Before A Hero of Our Time (1839), Mikhail Lermontov wrote many things, including a poem (1837) after the death of Pushkin that would get him sent to the Caucasus. As his Wikipedia entry quite romantically notes, “the tsar had exiled him to his native land,” and Lermontov would proceed to write the novel that takes place there.
Tiflis, 1837, painting by Mikhail Lermontov
Geography is key to A Hero of Our Time. To begin with, the frame is a travel writer, not doing his actual “travel writing,” but writing about his travels through the Caucasus all the same. The local customs, mountains, and climate all play a role in the travel writer’s story.
Then, there is the journal. The travel writer comes into possession of all of Pechorin’s papers up to his parting with Maxim Maximych. But he only chooses to publish those that describe his time in the Caucasus. Pechorin’s exploits in the capitals are quietly brushed to the side: “Someday it too will present itself for society’s judgement; but I do not now dare to take this responsibility upon myself for many important reasons.” Chief of which, one would guess, is that the rules are different in Russia’s outlying territories. In a vast country where society is concentrated in only two cities, very close to each other relatively speaking, different things can happen so far away.
That also makes possible a lot of what happens in the published journal. Grushnitsky is only able to act as he does in pursuit of Princess Mary because they are far from high St. Petersburg society. The rules change in a spa town. The Princess is taken with the cadet in the greatcoat.
This will probably be unusual in my current bout of Russian reading. A mix of town and
Continue reading “exploiting the laxity of local custom, which permits you to dance with ladies you don’t know”
Grigory Alexandrovich Pechorin, eponymous Hero of Our Time, is deliciously evil, and also just plain delicious because he knows the power of words—almost as well as Mikhail Lermontov. The travel writer who has come into possession of his papers publishes a portion of them, noting in the foreword*:
Reading through these notes, I have become convinced of the sincerity of a man who set his own weaknesses and vices out on display so mercilessly. The history of a human soul, even the pettiest soul, is almost more curious and beneficial than the history of an entire people, especially when it is the result of a mature mind’s observations of itself, and when it is written without a vainglorious desire to arouse sympathy or surprise. Rousseau’s Confessions have the immediate shortcoming that he read them to his friends.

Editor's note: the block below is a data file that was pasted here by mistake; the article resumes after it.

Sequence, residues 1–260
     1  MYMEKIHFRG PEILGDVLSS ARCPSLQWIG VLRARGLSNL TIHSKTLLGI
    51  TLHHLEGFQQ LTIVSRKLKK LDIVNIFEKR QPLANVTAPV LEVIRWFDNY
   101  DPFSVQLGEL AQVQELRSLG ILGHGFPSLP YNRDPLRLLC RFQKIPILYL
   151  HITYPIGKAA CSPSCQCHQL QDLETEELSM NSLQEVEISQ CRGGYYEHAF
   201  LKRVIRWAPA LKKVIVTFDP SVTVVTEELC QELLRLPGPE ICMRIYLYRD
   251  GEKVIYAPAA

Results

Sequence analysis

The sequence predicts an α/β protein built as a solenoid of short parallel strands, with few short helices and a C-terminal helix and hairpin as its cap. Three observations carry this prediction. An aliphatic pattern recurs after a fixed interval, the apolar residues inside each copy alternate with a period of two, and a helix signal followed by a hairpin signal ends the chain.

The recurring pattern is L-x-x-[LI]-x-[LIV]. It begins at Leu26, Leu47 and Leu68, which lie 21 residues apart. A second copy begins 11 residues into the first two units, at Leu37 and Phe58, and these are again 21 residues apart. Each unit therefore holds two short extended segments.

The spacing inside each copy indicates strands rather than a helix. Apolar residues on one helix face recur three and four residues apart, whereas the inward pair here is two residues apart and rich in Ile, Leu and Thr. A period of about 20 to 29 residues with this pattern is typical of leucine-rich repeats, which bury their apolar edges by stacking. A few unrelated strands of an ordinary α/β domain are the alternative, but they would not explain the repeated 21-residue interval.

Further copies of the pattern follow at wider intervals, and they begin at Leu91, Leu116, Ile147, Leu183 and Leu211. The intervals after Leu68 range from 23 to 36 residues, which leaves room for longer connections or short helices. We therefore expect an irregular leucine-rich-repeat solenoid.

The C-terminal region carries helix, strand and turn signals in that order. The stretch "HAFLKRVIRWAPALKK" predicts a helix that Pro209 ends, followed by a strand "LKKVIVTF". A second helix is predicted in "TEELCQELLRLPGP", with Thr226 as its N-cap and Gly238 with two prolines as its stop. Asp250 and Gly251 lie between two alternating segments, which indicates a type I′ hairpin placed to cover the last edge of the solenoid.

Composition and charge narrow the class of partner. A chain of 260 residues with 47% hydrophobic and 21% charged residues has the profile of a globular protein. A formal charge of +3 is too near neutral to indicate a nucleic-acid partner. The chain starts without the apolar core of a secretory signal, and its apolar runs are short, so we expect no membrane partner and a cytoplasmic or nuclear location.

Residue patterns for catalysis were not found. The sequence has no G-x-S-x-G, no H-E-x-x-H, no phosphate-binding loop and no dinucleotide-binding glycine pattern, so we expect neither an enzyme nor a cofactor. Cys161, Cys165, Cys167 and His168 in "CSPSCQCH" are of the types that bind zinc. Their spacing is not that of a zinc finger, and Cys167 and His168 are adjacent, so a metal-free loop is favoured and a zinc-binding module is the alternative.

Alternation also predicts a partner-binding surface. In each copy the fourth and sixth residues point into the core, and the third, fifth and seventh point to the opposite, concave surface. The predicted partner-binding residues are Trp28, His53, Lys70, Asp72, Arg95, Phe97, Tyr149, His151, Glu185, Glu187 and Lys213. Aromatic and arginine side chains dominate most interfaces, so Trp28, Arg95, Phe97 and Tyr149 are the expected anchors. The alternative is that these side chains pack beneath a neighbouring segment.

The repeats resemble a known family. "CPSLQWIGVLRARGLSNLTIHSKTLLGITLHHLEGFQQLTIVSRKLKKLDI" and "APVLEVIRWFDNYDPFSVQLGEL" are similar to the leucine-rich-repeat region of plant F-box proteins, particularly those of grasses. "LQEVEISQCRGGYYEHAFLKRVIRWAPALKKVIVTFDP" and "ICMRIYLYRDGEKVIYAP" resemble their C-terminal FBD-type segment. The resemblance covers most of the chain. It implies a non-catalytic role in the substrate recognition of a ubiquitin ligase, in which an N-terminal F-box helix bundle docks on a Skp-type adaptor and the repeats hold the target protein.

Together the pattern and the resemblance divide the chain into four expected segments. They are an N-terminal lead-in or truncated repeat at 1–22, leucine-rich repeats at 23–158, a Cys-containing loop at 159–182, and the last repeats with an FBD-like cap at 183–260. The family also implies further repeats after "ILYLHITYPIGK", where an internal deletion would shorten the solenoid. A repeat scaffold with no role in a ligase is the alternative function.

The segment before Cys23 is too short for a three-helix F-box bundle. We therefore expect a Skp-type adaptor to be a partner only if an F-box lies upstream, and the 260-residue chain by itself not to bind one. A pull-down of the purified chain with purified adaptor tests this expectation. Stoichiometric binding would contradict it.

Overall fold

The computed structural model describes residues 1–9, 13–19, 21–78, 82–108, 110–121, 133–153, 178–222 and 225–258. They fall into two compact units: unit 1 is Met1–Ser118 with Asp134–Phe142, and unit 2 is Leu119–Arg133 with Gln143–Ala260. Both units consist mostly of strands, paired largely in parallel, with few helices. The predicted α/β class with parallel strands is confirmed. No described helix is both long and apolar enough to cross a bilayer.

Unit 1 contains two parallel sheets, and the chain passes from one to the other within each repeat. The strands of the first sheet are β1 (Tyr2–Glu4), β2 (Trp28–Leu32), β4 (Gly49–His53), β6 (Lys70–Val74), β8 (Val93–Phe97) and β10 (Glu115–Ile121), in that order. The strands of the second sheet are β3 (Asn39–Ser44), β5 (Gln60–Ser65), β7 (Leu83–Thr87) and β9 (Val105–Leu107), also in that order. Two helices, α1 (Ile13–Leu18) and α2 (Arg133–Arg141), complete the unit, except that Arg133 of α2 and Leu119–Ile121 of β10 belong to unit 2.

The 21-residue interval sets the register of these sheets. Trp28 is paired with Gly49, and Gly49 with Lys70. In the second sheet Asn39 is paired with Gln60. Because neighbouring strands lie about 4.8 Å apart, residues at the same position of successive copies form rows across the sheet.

In this journal we have confessions that were, it is a reasonable assumption, never intended to be made public. Pechorin lays his life bare in his diary; he describes even his negative qualities “boldly, because I’m used to admitting everything to myself.”
First is the story “Taman,” of a run-in Pechorin has with some strange smugglers. Part of the trouble starts with his words, which “were quite out of place; I didn’t suspect their importance then, but subsequently I had occasion to repent of them.” He gets himself out of the scrape, but won’t go to the police because of the absurdity of putting his trouble into words: “And wouldn’t it be ridiculous to complain to the authorities that a blind boy had robbed me and an eighteen-year-old girl had almost drowned me?” Of course, the words he used to record these events in the journal were not ridiculous at all—he was robbed and nearly drowned.
In the centerpiece, “Princess Mary,” Pechorin’s affinity
Continue reading “I love enemies, though not in the Christian way”
A Hero of Our Time, Mikhail Lermontov’s only novel, and a short one, is the kind of thing that gets me warmed up right away: a small, faceted, framed thing, filtering its story through several layers of mesh and coming out the other side with multiple narrators and a nonchronological plot. Readers of all but the first edition have Lermontov’s own voice to warn them, in a foreword, to pay attention to what they are about to read. He complains that the Russian literary public
is still so young and ingenuous that it does not understand a fable if it does not find a moral at the end of it. It does not get a joke, does not sense an irony; it is simply badly brought up. It does not yet know that in decent society and in a decent book blatant abuse can have no place; that the modern level of education has invented a tool more sharp, almost invisible and nonetheless deadly, which, dressed up as flattery, strikes an irresistible and sure blow. Our public resembles a man from the provinces who, if overhearing a conversation between two diplomats belonging to hostile courts, would remain certain that each of them was deceiving his own government in favour of the tenderest mutual friendship.
So then, there are to be no misunderstandings here: Grigory Alexandrovich Pechorin is “a hero of our time” in the sense that he is a great villain, an antihero, a magnificent and Romantic Byronic hero, evil and wonderful and bored and irresistible. But we don’t quite know that yet.
First we know only the narrator, a travel writer on his way through the Caucasus, who gets the story of Pechorin from a fellow traveler, staff captain Maxim Maximych. Who, incidentally, gets the Byronic hero description down
Continue reading A Hero of Our Time by Mikhail Lermontov